Everybody loves to laugh. Even people who claim that they don’t like “comedy” still love to laugh – it’s just the framework of the genre that they dislike. And framework, or context, is everything. Because as much as people love to laugh, exactly what they’re laughing at can vary wildly depending on a number of factors: Age, upbringing, and cultural background, just to name a few. There’s a reason that comedic films almost never become giant international hits – humor rarely translates well across borders because the context of each country is so specific, and the nature of language so complex, that the jokes just don’t travel.
But even with all this in mind, comedy is still one of the most powerful tools you have access to as a content marketer. During a Content Marketing World talk, Tim Washer (who has written for multiple late night talk shows and worked as a “corporate humorist” with international clients like Google, FedEx, and Pepsi) urged brands not to take themselves too seriously. Comedy, Washer argued, was a potent way to get a point across “efficiently and economically.” So why shouldn’t brands utilize a sense of humor in their content and learn to manage the high risk/high reward balance that accompanies it?
Here are just a few helpful tips we’ve put together to help your team create authentically funny content that both supports and elevates your brand, while genuinely engaging with audiences!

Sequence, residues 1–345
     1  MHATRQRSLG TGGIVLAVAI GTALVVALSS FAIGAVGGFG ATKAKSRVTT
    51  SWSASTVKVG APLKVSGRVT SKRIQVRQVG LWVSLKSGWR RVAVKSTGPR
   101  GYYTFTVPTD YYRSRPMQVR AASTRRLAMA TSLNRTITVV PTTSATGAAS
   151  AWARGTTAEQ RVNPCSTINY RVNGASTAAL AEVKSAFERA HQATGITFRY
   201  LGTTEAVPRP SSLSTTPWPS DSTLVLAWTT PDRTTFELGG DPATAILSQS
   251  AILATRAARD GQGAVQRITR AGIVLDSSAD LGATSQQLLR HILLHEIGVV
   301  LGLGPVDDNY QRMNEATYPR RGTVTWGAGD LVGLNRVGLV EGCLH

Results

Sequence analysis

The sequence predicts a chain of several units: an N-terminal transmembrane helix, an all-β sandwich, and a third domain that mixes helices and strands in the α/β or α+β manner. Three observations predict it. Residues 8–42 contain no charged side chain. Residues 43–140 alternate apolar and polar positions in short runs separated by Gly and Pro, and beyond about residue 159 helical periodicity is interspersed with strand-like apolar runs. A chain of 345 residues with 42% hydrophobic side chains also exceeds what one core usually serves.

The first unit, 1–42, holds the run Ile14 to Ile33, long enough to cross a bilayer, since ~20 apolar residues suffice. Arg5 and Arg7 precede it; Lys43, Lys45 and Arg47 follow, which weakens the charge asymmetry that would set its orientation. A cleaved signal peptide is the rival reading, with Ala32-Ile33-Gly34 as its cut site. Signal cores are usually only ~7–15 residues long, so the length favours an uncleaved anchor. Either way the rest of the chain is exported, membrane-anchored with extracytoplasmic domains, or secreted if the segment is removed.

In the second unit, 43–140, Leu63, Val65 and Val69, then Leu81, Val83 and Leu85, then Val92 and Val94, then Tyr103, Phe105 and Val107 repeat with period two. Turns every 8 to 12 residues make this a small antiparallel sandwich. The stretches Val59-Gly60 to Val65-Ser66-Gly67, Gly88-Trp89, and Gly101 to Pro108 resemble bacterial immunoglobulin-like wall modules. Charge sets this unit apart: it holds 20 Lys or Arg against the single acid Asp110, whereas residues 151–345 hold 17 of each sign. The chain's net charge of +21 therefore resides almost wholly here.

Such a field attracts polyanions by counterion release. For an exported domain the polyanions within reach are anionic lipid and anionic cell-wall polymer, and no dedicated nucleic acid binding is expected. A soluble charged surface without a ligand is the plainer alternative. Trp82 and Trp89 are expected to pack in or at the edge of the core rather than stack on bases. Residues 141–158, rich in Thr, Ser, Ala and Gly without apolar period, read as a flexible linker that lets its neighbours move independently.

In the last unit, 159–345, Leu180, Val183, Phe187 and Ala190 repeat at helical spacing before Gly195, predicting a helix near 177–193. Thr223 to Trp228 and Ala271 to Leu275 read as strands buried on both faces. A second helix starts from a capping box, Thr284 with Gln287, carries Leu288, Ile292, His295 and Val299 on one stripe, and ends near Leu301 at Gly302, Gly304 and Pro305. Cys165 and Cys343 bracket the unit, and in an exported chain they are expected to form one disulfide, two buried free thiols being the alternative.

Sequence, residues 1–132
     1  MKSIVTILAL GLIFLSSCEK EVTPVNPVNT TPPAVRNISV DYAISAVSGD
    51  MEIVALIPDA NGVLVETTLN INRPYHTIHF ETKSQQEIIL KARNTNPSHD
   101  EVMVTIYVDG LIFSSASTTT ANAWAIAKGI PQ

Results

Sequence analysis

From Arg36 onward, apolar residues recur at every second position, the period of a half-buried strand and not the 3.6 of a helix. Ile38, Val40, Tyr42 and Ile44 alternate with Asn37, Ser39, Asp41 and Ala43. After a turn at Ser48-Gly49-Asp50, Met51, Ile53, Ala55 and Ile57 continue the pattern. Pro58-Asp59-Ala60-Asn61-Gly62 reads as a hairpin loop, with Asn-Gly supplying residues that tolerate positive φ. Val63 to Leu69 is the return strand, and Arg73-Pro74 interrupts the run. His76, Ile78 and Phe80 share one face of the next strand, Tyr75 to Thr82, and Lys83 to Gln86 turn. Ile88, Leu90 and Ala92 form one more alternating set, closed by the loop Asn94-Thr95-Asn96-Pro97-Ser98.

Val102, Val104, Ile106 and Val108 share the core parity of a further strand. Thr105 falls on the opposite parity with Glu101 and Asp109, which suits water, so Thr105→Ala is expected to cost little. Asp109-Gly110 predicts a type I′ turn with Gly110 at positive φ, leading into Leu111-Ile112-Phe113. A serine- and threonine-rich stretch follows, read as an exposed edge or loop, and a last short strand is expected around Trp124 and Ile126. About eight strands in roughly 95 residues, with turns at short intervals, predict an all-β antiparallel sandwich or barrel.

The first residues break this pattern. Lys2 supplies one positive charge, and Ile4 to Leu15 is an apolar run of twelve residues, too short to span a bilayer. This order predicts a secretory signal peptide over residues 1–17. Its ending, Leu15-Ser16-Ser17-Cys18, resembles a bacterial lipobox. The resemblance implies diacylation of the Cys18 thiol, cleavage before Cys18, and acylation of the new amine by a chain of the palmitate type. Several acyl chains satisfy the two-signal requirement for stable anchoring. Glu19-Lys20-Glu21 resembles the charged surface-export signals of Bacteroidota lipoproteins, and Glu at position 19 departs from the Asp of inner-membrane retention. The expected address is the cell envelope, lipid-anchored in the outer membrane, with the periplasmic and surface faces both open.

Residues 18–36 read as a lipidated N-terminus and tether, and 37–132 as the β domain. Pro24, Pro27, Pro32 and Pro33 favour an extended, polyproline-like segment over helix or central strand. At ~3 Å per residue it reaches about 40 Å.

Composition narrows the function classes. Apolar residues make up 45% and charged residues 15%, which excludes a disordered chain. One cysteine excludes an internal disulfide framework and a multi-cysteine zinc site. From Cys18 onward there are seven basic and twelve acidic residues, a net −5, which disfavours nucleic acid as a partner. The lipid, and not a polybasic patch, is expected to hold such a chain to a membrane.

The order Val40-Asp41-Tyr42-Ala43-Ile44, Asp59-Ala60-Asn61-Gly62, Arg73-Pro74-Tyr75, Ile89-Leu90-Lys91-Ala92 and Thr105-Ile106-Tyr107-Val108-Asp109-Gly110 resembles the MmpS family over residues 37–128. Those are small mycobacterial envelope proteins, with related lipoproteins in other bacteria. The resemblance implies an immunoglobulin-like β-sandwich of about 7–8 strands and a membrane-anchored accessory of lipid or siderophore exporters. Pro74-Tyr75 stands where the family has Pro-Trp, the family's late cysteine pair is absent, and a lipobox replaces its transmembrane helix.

Keep It Simple
Shakespeare once wrote that “Brevity is the soul of wit,” and while those words may have come from the mouth of Hamlet’s oafish Polonius, there is a certain truth to them still – and especially when it comes to comedy, less tends to be more.
We’ve already written at length about Gen Z and younger audience’s thirst for authentic video content. For comedy, the most authentic route to take is also usually the simplest. The more that your brand extends itself attempting to be funny, the more fake you will appear. Never forget, the eternal paradox of content marketing is that while no impactful content was ever created without serious effort, nothing is less appealing than the perception of that effort. In short, nobody likes a try-hard, and few things are as unfunny as someone who publicly insists that they are hilarious.
Think about some of the most popular jokes in the world: “Knock-knock,” Why did the chicken cross the road,” etc.. Their power comes from their simplicity, variability, and overall familiarity. Audiences don’t need to alter their mental context to understand and–more importantly–enjoy them. So rather than assault your viewers with tons of elaborate, high-energy humor, take a step back to evaluate your core message. Then, find a way to communicate it directly and persuasively, utilizing humor as a tool that helps convey your brand aesthetic – instead of noisily distracting from it.
Another timeless maxim of the content marketing industry, but one that often gets lost in the shuffle, is that we are not creating videos for ourselves. Everything we do is for the customer. To that end, in comedy as in everything else, empathy is essential. That means before your brand tries to create something comedic, you first have to ask yourself: “What would my audience find funny, and why?”